When do you give up on someone?
In Bryan Bliss’s haunting debut novel No Parking at the End Times, twins Abigail and Aaron don’t agree on an answer to that question.
The book opens in San Francisco, ten minutes before the end of the world, the twins and their parents kneeling in Brother John’s church. Abby, the narrator, prays furiously, half-hoping her faith won’t be in vain, half-hoping it will.
Of course, when the world doesn’t end, Abby’s existence in the realm of childhood innocence ends quite definitively.
Several months before the end of the world, Abby’s family had been happy, lower-middle-class residents of North Carolina. Some time after Abby’s dad lost his job, he began following the radio preacher Brother John, selling off their possessions one by one in order to contribute to the end-times preacher’s “ministry.” Ultimately, they sell their house and move across the country, where they live in their van, praying daily at Brother John’s church. When the world fails to end as predicted, Abby’s dad’s faith is unchanged. Enthralled with the spiritually abusive cult leader, he even sells the van and turns the money over to him.
Though her own faith in God is deeply shaken, Abby refuses to give up on her dad, expecting him to come to his senses and take the family home to North Carolina. But Aaron is certain that they can no longer rely on their parents, and tries to convince Abby that they should leave their parents and take the bus to their uncle. I don’t want to give too much away, but as the twins broker their escape from the cult, they make friends with a group of local homeless kids and become embroiled in new conflicts before finding a way out.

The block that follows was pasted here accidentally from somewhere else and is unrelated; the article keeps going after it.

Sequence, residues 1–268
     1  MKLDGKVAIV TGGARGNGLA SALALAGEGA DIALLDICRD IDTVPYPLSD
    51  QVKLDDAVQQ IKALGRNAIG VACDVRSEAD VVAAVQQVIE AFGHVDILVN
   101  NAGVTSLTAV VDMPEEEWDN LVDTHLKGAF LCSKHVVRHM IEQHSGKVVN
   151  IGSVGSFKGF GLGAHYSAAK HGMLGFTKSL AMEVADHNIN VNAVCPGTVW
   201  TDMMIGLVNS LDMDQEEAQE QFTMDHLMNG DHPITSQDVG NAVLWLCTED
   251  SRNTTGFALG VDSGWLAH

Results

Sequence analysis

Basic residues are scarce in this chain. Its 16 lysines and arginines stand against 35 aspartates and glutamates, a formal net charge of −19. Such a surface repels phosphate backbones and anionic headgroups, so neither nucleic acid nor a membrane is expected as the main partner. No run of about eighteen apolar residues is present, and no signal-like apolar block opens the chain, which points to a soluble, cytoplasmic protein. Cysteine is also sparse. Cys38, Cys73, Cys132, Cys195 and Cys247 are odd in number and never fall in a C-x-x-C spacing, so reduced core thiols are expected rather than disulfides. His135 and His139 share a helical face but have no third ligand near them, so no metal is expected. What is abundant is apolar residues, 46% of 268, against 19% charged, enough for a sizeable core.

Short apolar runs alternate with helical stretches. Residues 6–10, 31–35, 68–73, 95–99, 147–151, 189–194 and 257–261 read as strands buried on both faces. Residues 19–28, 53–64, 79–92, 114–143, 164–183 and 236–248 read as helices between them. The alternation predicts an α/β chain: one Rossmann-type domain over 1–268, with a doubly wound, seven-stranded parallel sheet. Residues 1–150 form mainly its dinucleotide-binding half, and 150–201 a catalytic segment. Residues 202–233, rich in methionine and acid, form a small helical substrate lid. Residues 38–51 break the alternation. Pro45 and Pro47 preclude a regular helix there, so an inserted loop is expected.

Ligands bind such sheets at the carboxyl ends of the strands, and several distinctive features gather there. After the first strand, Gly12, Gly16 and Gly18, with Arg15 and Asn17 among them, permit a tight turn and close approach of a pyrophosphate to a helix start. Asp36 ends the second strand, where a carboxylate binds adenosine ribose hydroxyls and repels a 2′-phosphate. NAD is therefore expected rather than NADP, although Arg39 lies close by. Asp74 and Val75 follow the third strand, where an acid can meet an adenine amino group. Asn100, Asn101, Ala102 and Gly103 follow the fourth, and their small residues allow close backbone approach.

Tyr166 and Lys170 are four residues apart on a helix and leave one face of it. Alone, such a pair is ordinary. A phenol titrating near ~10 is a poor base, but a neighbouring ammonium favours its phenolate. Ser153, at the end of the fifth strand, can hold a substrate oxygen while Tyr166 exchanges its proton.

In prose that is spare, certain, and lyrical—an economic style that matches the characters’ environment, no frills to cover the truth—Bliss tells a story of exceptional circumstances with universal relevance. Realistic teenage dialogue and a strong, reliable narrator anchor the story, which covers traditional YA territory (loss of innocence and conflict with parents) while also deftly and sympathetically negotiating larger social themes of homelessness, poverty, and religion.
I didn’t feel sure, as I ended the book, who had been right: was Abby correct to refuse to leave her parents behind, or was Aaron right that they would have to save themselves? I wanted a more conclusive answer. When is it ok to give up on someone—especially someone who has begun to perpetuate a cycle of abuse—spiritual, physical, or otherwise? When does love equal staying, and when must it mean to leave? After all, when your father’s captivity to an abusive cult leader leaves you homeless, shouldn’t you give up on him?
Maybe the closest Bliss comes to suggesting an answer is in The Trumpet Man. A homeless man in Golden Gate Park, the Trumpet Man sings simply, “I am bound!” And being bound means many things. We are bound to our families. We are bound to people who make mistakes, who hurt just as they’ve been hurt. Even the binds that should be cut can’t ever be fully loosed. But we are also bound for a Promised Land, where hurts will be redeemed, unjust inequalities will be set right, and relationships will be restored. No Parking at the End Times points us with hope toward that land.